What do you think needs to be done in order to change that?

My mother’s been working with a group called Families Together. For a family that has severely autistic kids, the divorce rate is through the roof. [Families Together] put on weekends where families meet up and they get the whole family working together so they don’t get so frazzled and fall apart. That’s a huge issue.

Should there be more government support for parents with kids on the autism spectrum?

Parents need to have respite so they can go out to a restaurant and have some time off. That’s a huge problem for parents. And then there’s the cost of therapy, a lot of schools have only two hours of speech therapy per week. If you talk with these kids when they’re very young, 20 to 30 hours a week with a good teacher, that improves the prognosis. But then you also need better services for adults. If you’ve got a non-verbal adult, what happens after he’s 21 or 22 and he ages out of school? That’s a huge problem, especially for severely autistic adults.


National Safely Discard Prescripti​on Drugs on Saturday, April 28, 2012


April 28, 2012
10:00 AM - 2:00 PM

The Drug Enforcement Administration (DEA) has scheduled another National Prescription Drug Take-Back Day which will take place on Saturday, April 28, 2012, from 10:00 a.m. to 2:00 p.m. This is a great opportunity for those who missed the previous events, or who have subsequently accumulated unwanted, unused prescription drugs, to safely dispose of those medications.

Americans that participated in the DEA’s third National Prescription Drug Take-Back Day on October 29, 2011, turned in more than 377,086 pounds (188.5 tons) of unwanted or expired medications for safe and proper disposal at the 5,327 take-back sites that were available in all 50 states and U.S. territories. When the results of the three prior Take-Back Days are combined, the DEA, and its state, local, and tribal law-enforcement and community partners have removed 995,185 pounds (498.5 tons) of medication from circulation in the past 13 months.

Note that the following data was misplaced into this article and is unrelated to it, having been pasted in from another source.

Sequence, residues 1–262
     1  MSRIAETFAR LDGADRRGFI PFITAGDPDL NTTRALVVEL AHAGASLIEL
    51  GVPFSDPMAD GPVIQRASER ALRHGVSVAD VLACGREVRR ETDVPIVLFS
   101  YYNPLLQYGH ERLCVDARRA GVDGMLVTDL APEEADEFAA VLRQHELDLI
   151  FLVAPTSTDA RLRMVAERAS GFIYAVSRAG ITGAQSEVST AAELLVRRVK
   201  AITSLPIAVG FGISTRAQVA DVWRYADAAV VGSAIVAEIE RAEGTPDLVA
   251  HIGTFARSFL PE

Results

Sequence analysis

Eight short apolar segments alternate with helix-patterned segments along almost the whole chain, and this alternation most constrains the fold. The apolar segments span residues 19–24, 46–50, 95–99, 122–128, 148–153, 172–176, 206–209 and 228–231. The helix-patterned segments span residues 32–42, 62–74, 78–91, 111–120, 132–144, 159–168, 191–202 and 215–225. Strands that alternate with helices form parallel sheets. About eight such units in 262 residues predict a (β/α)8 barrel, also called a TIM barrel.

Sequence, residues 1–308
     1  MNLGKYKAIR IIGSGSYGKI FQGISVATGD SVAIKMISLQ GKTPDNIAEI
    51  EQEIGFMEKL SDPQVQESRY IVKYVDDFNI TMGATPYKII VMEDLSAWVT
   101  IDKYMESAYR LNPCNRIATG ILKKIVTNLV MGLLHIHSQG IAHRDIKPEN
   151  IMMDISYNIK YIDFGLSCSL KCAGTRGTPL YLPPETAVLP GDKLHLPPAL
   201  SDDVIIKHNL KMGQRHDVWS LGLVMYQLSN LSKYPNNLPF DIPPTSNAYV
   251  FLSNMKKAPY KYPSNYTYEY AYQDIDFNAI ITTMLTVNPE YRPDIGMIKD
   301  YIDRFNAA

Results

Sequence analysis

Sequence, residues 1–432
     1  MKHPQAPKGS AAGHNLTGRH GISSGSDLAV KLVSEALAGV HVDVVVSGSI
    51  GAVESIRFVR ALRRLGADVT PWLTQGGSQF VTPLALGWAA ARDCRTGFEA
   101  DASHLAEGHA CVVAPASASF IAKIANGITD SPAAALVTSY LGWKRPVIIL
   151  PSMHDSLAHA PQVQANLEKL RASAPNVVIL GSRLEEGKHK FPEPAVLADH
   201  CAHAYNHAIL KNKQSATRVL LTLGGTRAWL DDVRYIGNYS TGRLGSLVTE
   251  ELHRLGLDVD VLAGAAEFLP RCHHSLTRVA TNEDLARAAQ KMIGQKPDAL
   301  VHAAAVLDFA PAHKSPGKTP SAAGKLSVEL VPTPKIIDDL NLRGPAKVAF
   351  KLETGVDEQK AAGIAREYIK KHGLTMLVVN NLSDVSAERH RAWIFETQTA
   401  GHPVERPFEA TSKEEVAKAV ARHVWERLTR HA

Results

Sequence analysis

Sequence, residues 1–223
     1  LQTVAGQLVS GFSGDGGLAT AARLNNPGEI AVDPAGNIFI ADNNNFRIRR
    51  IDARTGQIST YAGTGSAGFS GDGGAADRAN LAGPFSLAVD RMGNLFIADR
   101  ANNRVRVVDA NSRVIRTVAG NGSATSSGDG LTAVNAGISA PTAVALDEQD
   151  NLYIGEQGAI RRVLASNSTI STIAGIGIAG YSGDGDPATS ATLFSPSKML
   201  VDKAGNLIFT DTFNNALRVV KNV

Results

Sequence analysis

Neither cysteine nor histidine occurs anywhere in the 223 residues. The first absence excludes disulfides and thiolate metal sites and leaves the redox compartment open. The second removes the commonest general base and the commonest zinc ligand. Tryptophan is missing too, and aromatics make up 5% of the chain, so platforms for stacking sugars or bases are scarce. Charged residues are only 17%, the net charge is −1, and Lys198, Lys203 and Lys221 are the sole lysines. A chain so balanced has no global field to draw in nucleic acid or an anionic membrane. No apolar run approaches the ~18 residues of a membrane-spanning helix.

“The amount of prescription drugs turned in by the American public during the past three Take-Back Day events speaks volumes about the need to develop a convenient way to rid homes of unwanted or expired prescription drugs,” said DEA Administrator Michele M. Leonhart. “DEA remains hard at work to establish just such a drug disposal process, and will continue to offer take-back opportunities until the proper regulations are in place.”

“With the continued support and hard work of our more than 3,945 state, local, and tribal law enforcement and community partners, these three events have dramatically reduced the risk of prescription drug diversion and abuse, and increased awareness of this critical public health issue,” said Leonhart.

Collection Site Locator: https://www.deadiversion.usdoj.gov/NTBI/NTBI-PUB.pub?_flowExecutionKey=_c5CECDCBC-F995-D5EE-FB37-35AF26F04C76_kDB938C65-23F3-2379-19F2-34DBEC6D2B8C

Law Enforcement Agencies Only: http://www.deadiversion.usdoj.gov/drug_disposal/takeback/takeback_042812.html

Take-Back Day Partnership Toolbox: http://www.justice.gov/dea/take-back/takeback-day_2012.html

General Public Inquiries:
Inquiries can be made at 1-800-882-9539

Thursday, April 26, 2012

Mistreatment of 7-Year-Old Girl With Cerebral Palsy puts TSA Under Fire (again) | April 26, 2012